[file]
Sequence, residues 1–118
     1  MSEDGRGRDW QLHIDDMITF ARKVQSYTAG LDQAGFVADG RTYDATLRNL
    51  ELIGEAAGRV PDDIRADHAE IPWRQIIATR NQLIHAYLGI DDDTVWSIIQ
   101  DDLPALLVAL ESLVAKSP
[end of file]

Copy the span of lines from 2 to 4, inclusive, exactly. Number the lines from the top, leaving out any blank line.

     1  MSEDGRGRDW QLHIDDMITF ARKVQSYTAG LDQAGFVADG RTYDATLRNL
    51  ELIGEAAGRV PDDIRADHAE IPWRQIIATR NQLIHAYLGI DDDTVWSIIQ
   101  DDLPALLVAL ESLVAKSP